Eric McGlinchey is an Associate Professor of Politics at George Mason University’s Schar School of Policy and Government.
How can LGBTI rights be advanced in societies where large segments of the population see the LGBTI community as a threat to children? This is a challenge George Mason University International Relations Policy Task Force (IRTF) students and I have been exploring both locally and in the context of Central Asia. Several IRTF students have lived this challenge. They graduated from high schools where LGBTI rights have been debated and undermined at school board meetings. Just this September Fairfax County Public Schools, the alma mater of many Mason students as well as the nation’s twelfth largest school district, pulled two books— Jonathan Evison’s Lawn Boy and Maia Kobabe’s Gender Queer— that explore LGBTI relationships, from school libraries, this after parents claimed the texts were pornographic and promoted pedophilia.
In Kyrgyzstan and Kazakhstan the LGBTI community is similarly portrayed as deviant and as a threat to children. Both the Kyrgyz and Kazakh parliaments passed draft laws in 2015 that would effectively criminalize homosexuality. The Kyrgyz parliament’s draft law would impose jail sentences of up to one year on individuals who promote among children positive attitudes toward “untraditional sexual relations.” Justifying the logic of his country’s anti-gay law, Kazakh parliamentarian Aldan Smayil explained we need “a ban on information products depicting cruelty and violence, provoking children to life-threatening acts, including suicide, containing scenes of pornographic, sexual and erotic nature, promoting non-traditional sexual orientation.”
Pushing “antigay” legislation is politically advantageous. Only two percent of Kyrgyz and four percent of Kazakh respondents surveyed in Gallup’s 2013 World Poll agreed that homosexual relationships were morally acceptable. Seventy-six percent of Kyrgyz respondents and eighty-two percent of Kazakh respondents shared in the 2013 poll that they saw homosexuality as immoral. Neither Kazakhs nor Kyrgyz appear to have become more accepting of homosexuality in the intervening years. When asked in Gallup’s 2020 World Poll if their city was “a good place” for gay or lesbian people, only seven percent of Kyrgyz respondents and nine percent of Kazakh respondents agreed.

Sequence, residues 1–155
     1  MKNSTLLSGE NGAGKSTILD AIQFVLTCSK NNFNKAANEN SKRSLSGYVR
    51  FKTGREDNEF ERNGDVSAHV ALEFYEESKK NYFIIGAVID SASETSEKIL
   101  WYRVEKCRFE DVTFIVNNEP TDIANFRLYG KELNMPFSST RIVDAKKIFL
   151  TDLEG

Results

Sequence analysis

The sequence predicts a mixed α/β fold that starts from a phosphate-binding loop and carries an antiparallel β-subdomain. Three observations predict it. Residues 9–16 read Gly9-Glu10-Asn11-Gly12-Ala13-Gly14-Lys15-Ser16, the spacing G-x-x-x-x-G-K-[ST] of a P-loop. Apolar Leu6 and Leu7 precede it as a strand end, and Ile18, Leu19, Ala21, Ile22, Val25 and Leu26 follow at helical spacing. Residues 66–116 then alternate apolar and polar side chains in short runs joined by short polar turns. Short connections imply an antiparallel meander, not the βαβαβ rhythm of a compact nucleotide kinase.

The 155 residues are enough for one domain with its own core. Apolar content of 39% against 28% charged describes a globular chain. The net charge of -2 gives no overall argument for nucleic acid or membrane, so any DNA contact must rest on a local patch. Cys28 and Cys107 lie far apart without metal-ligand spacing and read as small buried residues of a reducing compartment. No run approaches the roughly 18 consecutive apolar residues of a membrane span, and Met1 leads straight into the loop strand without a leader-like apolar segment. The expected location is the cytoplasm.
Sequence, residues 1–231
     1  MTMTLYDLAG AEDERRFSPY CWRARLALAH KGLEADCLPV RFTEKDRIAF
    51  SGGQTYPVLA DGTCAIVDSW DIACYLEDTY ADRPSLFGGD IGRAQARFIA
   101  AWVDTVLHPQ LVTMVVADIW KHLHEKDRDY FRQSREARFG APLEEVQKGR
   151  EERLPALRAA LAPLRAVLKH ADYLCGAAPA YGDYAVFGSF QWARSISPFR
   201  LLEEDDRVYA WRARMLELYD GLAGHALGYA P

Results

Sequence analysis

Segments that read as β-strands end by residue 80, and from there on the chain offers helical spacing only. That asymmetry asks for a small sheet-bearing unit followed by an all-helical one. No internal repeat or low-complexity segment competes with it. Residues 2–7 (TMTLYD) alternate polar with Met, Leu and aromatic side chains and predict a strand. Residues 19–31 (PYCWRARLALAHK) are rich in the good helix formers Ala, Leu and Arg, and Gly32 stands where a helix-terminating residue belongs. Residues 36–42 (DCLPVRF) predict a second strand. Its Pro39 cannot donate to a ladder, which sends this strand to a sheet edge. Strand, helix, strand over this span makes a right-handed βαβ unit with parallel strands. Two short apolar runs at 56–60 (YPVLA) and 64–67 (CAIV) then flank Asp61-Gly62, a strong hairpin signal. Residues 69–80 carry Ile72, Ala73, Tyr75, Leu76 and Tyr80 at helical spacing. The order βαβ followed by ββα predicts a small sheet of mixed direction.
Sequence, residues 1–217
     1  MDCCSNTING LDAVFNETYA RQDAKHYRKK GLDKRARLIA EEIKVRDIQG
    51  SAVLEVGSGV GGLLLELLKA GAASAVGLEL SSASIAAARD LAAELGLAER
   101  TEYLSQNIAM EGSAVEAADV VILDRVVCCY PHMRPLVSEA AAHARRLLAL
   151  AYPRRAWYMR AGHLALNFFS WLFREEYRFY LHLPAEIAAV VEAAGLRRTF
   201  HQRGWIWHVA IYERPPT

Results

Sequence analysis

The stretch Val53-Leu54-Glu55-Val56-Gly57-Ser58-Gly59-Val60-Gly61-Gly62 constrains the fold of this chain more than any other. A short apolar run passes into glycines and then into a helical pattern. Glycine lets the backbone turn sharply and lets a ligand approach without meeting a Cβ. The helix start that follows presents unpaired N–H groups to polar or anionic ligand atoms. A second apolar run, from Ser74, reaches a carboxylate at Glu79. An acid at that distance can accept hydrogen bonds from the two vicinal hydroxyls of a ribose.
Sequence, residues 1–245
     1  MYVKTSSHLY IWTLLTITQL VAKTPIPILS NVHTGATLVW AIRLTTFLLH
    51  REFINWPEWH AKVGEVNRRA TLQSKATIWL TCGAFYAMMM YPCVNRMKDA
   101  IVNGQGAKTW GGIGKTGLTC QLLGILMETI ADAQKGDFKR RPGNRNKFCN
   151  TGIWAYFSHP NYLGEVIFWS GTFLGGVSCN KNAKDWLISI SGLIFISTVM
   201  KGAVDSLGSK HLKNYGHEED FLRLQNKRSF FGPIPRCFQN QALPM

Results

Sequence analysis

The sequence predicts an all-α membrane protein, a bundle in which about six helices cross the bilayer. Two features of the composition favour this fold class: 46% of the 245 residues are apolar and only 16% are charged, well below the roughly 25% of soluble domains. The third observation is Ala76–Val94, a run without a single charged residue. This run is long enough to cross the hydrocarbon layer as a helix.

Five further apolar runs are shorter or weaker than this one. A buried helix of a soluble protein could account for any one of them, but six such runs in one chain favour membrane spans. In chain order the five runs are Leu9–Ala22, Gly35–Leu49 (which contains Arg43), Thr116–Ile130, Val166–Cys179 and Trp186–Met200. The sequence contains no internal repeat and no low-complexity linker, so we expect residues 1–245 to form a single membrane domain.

Given this overwhelming bias against the LGBTI community, it may appear odd that the antigay movement in Central Asia is a recent phenomenon. My searches of the BBC’s Monitoring of Central Asian news and more targeted searches of Central Asian papers, for example, Vecherniy Bishkek, yielded few news stories about the LGBTI community in the years prior to 2013. The few articles that do appear in the press prior to 2014, moreover, are strikingly objective in their coverage of LGBTI issues. For instance, a March 2012 Vecherniy Bishkek article, “Week against Homophobia and Transphobia Gets Underway in Bishkek,” notes that, over the course of the week, activists will hold ten events to “raise awareness about the challenges members of the LGBT community face.”
In 2014 Vecherniy Bishkek’s coverage of LGBTI issues spiked from a handful of stories in 2012 and 2013, to over four dozen articles. And it was not just the number of stories that had changed; so too did the tone of these news articles. Rather than articles discussing the need to raise awareness about the challenges the LGBTI community faces, the media focus was now on the Kyrgyz parliament’s move to “ban gay propaganda and same-sex marriages.”
What happened? Why did Kyrgyz politicians suddenly become so preoccupied with the LGBTI community in 2014? A frequent explanation is “Kyrgyzstan’s close affiliation with Russia inspired the law.” There is considerable evidence to support this view. The Russian parliament voted unanimously in June 2013 to pass the law “for the Purpose of Protecting Children from Information Advocating for a Denial of Traditional Family Values,” known widely as that “gay propaganda law.” Kyrgyzstan’s movements toward passing a similar law, analysists conclude, is indicative of the continued hold Russia has over Central Asian societies.